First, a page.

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digitalmars.D - The in operator and normal arrays

reply Myron Alexander <consulting myron.RMVETHISalexander.com> writes:
Hello.

I'm curious as to the reason for why the in operator only works with 
associative arrays. I am working on a program where having an in 
operator for a normal array would be useful. eg:

if ("string" in ["string1", "string2", "string3", ...]) {
    do something
}

Is there some other way to do this in the language without resorting to 
a function or class method call?

Thanks ahead,

Myron Alexander.
Apr 25 2007
next sibling parent reply Derek Parnell <derek nomail.afraid.org> writes:
On Thu, 26 Apr 2007 01:30:46 +0200, Myron Alexander wrote:

 Hello.
 
 I'm curious as to the reason for why the in operator only works with 
 associative arrays. I am working on a program where having an in 
 operator for a normal array would be useful. eg:
 
 if ("string" in ["string1", "string2", "string3", ...]) {
     do something
 }
 
 Is there some other way to do this in the language without resorting to 
 a function or class method call?
 

function to scan through an array other than Associative Arrays. The simplest is just a function call ... if (container.contains(elem) == true) { // do something } where contains is something along the lines of ... bool contains(T)(T[] container,T elem) { foreach(e; container) if (e == elem) return true; return false; } Unless you know some details about the internal ordering of the array elements, a simple linear scan is all that can really be done. -- Derek (skype: derek.j.parnell) Melbourne, Australia "Justice for David Hicks!" 26/04/2007 9:33:19 AM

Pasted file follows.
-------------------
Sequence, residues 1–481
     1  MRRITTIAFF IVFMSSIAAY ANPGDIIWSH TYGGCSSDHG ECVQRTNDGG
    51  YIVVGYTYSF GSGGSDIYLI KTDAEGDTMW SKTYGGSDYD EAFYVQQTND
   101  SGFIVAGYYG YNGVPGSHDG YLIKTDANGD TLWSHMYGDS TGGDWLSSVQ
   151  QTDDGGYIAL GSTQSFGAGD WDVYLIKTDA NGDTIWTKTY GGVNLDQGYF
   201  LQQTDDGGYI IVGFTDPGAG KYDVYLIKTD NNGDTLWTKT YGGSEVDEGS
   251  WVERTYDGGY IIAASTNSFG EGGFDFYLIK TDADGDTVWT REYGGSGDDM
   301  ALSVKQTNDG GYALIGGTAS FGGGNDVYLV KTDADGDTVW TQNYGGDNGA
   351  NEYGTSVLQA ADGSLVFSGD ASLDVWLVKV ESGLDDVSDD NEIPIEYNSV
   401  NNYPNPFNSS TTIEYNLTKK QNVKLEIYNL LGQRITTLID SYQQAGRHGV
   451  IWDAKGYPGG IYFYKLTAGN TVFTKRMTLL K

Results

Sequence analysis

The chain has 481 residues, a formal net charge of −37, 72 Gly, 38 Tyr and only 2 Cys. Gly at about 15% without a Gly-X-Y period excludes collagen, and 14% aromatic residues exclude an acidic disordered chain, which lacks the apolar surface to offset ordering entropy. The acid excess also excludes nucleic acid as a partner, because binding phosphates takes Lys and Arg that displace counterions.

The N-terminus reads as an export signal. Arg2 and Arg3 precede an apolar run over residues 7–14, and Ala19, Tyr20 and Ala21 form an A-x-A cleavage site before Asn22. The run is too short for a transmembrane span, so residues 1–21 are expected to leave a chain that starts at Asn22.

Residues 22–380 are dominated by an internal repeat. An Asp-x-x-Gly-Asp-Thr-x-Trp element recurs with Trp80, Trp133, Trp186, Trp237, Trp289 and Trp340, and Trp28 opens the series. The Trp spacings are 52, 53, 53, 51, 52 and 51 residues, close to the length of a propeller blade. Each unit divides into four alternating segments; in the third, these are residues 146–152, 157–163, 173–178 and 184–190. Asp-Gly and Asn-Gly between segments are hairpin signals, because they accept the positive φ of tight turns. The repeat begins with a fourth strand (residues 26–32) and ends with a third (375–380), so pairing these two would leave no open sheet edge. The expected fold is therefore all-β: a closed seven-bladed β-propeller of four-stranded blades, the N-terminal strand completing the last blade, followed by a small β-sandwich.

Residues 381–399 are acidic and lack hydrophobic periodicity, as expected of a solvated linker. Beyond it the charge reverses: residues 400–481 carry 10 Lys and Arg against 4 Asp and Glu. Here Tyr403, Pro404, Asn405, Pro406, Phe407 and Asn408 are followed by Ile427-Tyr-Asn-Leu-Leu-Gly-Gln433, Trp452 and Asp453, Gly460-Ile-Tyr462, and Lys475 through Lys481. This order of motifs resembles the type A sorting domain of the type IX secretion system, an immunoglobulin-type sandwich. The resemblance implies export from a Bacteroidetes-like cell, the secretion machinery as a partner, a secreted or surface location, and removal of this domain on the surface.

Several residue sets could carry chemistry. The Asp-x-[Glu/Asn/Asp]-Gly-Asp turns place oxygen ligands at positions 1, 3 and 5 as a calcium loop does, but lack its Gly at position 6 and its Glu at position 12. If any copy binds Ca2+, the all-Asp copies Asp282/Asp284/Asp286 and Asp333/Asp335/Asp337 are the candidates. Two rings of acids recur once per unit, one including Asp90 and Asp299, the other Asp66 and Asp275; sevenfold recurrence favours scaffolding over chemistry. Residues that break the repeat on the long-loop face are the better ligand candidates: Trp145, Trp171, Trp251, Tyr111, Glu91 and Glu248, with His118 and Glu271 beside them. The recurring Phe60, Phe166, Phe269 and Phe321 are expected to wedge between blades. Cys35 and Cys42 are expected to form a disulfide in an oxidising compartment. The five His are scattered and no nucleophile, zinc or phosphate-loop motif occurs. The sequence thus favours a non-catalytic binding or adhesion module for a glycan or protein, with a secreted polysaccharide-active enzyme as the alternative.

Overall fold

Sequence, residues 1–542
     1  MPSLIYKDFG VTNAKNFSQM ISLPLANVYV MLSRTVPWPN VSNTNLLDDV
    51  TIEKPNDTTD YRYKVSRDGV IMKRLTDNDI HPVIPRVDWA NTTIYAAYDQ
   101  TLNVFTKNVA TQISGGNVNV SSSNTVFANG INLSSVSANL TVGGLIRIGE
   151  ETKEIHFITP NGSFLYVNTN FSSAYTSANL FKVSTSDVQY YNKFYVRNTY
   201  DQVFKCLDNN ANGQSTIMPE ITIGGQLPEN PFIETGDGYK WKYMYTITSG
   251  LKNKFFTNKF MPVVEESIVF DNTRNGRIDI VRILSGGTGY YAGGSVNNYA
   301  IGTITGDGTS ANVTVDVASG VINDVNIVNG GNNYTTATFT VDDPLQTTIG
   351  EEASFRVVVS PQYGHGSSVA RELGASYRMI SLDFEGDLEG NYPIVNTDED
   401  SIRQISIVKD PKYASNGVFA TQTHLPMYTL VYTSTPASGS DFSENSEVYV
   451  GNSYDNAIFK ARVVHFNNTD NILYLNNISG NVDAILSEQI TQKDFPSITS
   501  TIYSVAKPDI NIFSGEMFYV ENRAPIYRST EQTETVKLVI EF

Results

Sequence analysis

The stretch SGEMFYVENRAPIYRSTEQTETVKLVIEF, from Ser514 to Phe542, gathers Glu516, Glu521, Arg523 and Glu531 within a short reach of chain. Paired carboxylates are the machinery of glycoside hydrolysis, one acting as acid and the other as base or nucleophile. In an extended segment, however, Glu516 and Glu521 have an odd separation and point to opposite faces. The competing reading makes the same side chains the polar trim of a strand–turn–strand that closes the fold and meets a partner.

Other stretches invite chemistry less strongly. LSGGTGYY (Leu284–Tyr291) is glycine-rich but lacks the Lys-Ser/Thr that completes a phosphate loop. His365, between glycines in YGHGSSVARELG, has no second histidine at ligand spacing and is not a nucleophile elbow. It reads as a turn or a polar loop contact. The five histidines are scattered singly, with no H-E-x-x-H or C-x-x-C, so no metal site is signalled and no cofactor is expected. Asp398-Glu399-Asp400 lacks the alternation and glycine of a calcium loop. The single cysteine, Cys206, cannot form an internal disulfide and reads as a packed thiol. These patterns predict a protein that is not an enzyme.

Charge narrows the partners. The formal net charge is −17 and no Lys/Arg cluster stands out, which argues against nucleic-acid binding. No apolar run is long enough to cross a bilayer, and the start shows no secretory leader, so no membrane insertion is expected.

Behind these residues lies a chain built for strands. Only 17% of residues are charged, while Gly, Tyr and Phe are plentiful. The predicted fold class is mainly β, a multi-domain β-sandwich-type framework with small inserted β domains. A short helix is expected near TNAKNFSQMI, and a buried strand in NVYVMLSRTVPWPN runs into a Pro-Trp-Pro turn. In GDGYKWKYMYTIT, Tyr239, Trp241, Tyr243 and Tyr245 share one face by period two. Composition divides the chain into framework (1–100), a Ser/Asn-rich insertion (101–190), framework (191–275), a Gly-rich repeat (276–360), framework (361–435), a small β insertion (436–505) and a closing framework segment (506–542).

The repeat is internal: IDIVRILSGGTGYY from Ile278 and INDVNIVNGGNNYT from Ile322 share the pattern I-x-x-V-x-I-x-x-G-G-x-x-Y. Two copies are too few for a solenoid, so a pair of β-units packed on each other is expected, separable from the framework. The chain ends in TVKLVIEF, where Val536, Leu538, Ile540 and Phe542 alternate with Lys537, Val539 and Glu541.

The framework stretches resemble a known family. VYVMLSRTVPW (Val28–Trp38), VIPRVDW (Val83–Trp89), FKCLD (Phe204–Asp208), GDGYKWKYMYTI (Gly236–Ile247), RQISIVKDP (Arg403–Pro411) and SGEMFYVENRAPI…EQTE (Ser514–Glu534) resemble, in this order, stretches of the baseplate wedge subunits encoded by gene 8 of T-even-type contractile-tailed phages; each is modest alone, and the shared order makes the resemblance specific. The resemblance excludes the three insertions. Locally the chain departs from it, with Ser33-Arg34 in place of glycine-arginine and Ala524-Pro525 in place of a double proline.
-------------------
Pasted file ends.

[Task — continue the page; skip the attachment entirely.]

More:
Apr 25 2007
parent Myron Alexander <consulting myron.RMVETHISalexander.com> writes:
Derek Parnell wrote:
 No. The D programming language does not contain a reserved word or built-in
 function to scan through an array other than Associative Arrays.

Thanks Derek. Regards, Myron Alexander.
Apr 25 2007
prev sibling parent reply Bill Baxter <dnewsgroup billbaxter.com> writes:
Myron Alexander wrote:
 Hello.
 
 I'm curious as to the reason for why the in operator only works with 
 associative arrays. I am working on a program where having an in 
 operator for a normal array would be useful. eg:
 
 if ("string" in ["string1", "string2", "string3", ...]) {
    do something
 }
 
 Is there some other way to do this in the language without resorting to 
 a function or class method call?
 
 Thanks ahead,
 
 Myron Alexander.

I've proposed this before. Maybe others too. It makes sense. It's what other languages with an 'in' operator do. It should work. It doesn't. It isn't high on Walter's priority list because it can be worked around easily. --bb
Apr 25 2007
parent reply Myron Alexander <consulting myron.RMVETHISalexander.com> writes:
Bill Baxter wrote:
 I've proposed this before.  Maybe others too.  It makes sense.  It's 
 what other languages with an 'in' operator do.  It should work.  It 
 doesn't.  It isn't high on Walter's priority list because it can be 
 worked around easily.
 
 --bb

I suspected as much. Thanks for the info. I add my voice of support for the proposal to expand the in operator to operate on normal arrays. This is something that would be nice to have, but as you say, the work-around is simple enough. Thanks, Myron Alexander.